St Paul's Past

We have gathered photos and history related to St Paul’s past here.  We hope you enjoy reading about our long and proud history here is Socorro.

A Brief History of St Paul United Methodist Church and its Antecendents

Condensed by Lynn Brandvold from a history written by Re. Larry Castillo-Wilson in 1982


The story of Methodism in Socorro is some of the oldest Protestant history in New Mexico. The first Protestant minister to do any work in Socorro was a Methodist. Benigno Cardenas was a renegade Catholic priest who was converted to Methodism by Rev. E. George Nicholson, the first Methodist Missionary to New Mexico. In 1854 Cardenas preached the first Protestant sermon in Socorro.  In 1855, Rev. Dallas D. Lore made an on-site inspection of New Mexico mission work. He undertook a reorganization of the work and organized a circuit with four appointments: Peralta, Jarales, Polvadera and Socorro.

The next important Methodist to travel to Socorro was the Rev. John L. Dyer, the legendary “snowshoe priest” of the Colorado Conference. He was so named because when the snow was deep he made the rounds of his circuit on snowshoes. In 1860 Rev. Dyer was appointed Superintendent of New Mexico. During the year 1869-1870 he traveled and preached all over New Mexico. He asked the Bishop to recruit and appoint a friend he had known from the Northwest Wisconsin Conference, Thomas Harwood. Rev. Thomas Harwood was the trailblazer for Methodist work in New Mexico. He spent nearly half a century evangelizing, starting churches and establishing schools. Off and on during the 1880s and 1890s Thomas Harwood’s headquarters were in Socorro. He was the District Superintendent of the English and Spanish Missions. Harwood was also the first president of the Board of Trustees of the New Mexico School of Mines in 1893. In 1895 Thomas Hodgson served both Socorro and Magdalena. But with the closing of the smelter in 1896, the membership was scattered to other towns until only one family was left. The church was closed and the pews, pulpit, books and organ were moved to Kelly.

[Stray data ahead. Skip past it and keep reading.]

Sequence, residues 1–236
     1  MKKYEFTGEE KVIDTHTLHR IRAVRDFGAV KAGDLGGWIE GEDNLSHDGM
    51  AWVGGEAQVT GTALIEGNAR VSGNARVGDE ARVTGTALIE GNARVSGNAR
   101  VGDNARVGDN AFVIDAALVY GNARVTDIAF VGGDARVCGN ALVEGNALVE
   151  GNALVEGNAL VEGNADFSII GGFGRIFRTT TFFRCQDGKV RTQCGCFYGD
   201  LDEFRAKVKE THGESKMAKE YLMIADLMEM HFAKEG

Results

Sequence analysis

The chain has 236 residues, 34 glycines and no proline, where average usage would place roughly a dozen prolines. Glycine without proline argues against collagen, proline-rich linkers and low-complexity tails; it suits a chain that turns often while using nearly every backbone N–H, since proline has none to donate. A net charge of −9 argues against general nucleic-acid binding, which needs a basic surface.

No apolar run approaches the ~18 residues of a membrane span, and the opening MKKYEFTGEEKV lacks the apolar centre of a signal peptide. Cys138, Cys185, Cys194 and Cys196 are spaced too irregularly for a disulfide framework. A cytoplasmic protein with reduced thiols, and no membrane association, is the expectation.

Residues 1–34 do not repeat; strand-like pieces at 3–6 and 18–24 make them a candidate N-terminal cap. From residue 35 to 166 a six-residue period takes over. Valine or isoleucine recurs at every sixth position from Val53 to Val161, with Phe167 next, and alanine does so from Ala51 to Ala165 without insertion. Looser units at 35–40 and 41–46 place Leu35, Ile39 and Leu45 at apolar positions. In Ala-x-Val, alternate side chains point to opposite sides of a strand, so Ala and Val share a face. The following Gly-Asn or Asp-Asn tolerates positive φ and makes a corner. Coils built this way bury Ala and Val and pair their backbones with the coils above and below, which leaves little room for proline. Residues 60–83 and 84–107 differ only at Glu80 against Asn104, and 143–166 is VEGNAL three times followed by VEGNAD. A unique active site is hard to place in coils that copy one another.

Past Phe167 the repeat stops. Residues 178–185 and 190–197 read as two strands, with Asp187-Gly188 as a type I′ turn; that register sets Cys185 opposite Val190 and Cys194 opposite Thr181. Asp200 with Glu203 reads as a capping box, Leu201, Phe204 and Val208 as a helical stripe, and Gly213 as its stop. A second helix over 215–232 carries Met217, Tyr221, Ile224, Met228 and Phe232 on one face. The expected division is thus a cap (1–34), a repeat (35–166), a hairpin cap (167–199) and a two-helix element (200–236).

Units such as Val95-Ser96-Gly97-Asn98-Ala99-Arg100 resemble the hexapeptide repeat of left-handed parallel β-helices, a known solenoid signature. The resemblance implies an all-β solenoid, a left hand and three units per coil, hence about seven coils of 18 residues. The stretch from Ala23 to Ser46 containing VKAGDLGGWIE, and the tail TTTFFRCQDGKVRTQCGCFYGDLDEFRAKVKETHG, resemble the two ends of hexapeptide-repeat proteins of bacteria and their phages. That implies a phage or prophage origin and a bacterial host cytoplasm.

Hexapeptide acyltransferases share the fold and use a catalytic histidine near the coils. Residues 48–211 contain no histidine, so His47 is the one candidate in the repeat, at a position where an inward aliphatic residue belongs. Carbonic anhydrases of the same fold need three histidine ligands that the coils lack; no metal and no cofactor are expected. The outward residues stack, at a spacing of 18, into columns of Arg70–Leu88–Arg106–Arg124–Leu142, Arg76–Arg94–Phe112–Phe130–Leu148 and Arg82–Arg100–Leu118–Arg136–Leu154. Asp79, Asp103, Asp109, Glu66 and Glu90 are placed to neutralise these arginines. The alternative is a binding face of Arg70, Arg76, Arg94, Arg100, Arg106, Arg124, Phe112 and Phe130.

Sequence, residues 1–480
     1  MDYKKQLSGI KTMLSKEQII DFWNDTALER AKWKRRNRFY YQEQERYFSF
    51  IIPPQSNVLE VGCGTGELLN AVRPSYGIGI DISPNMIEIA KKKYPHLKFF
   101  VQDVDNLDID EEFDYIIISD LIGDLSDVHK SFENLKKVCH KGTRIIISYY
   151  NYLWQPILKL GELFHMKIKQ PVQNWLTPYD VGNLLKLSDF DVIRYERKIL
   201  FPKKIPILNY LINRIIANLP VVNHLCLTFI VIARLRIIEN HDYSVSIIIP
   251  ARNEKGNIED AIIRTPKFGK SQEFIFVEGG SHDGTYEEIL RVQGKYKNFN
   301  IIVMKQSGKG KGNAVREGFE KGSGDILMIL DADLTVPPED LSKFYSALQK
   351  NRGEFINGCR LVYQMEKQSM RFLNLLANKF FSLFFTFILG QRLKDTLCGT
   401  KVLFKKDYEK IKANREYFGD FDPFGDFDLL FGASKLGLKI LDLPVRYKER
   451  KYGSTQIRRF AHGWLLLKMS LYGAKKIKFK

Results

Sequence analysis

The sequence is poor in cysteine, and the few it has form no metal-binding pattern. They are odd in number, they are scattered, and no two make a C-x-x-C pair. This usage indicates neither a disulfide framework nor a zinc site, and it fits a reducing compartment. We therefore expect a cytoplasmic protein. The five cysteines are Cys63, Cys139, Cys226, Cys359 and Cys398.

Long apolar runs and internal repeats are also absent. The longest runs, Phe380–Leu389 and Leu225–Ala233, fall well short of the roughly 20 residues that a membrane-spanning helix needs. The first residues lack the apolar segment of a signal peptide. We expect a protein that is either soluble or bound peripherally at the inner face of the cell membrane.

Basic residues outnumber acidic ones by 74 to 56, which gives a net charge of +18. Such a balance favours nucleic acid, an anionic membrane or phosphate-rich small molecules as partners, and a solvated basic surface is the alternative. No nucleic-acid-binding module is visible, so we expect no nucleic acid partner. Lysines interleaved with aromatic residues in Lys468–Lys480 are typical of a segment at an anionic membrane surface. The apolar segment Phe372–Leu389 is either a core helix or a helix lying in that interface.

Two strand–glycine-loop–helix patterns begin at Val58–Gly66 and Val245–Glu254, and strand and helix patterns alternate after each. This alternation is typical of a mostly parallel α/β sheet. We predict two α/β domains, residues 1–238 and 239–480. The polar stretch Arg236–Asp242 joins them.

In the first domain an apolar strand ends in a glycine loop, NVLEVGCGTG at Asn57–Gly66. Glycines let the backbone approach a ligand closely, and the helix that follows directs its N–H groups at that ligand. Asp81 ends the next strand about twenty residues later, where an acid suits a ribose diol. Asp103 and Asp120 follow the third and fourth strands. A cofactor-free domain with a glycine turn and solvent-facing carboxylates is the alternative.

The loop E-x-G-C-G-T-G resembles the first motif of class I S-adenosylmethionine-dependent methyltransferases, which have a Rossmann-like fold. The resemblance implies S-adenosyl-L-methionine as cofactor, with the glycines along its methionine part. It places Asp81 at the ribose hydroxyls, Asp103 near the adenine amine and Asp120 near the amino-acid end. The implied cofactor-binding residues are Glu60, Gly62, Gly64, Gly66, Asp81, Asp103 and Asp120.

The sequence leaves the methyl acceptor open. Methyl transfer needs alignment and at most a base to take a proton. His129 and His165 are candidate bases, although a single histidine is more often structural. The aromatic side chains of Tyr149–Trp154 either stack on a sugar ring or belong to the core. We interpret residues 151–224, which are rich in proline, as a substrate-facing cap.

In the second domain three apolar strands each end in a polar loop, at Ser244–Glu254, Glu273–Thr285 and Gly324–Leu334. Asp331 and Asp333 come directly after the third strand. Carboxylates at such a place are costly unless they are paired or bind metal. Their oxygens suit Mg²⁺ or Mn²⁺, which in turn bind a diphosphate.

After this there was no appointment of a minister in Socorro. But the Spanish mission continued and grew into the Harwood Methodist Church which continued into the 1990s but is now closed. From 1897 to 1940 there was no English-speaking Methodist work in Socorro. In the mid-1930s a period of renewal and rebuilding began and the population started to grow. St Paul Methodist Church was organized on July 21, 1940 with 11 charter members. The small group held services in a little red brick school house on California Street which no longer exists. Later, they met in the old Episcopal Church across from the Firehouse and then in the Seventh Day Adventist Church on Garfield. At some point between 1940 and 1950, the church began to be called St. Paul’s United Methodist Church

In 1950, the main structure of the present church was built. Cecil and Elsie Goad donated the property on Goad Hill. The church received a grant of $10,500 from the Board of Missions of the Methodist Church and raised $12,000 in cash and pledges toward the building. Most of the planning and actual construction was accomplished by Rev. J.C. Sprouls and the men of the church. The present parsonage was built in 1955.

In 1982 a modular building containing a Fellowship Hall, a large classroom, and two bathrooms was added to the existing structure. It was moved in February, rearranged and connected to the existing kitchen. Much of the work was done by the members of the church. Vernon Houston served as chairperson of the building committee and Bob Tacker was chairperson of the trustees.
Six stained glass windows were added between 1997-2000. The windows were designed by Rev. Annette Sorensen to celebrate the Christian Year. They were made by Donna Decker and financed by an anonymous donor.

Under strong leadership St. Paul’s continues to grow and has an active congregation very involved in the community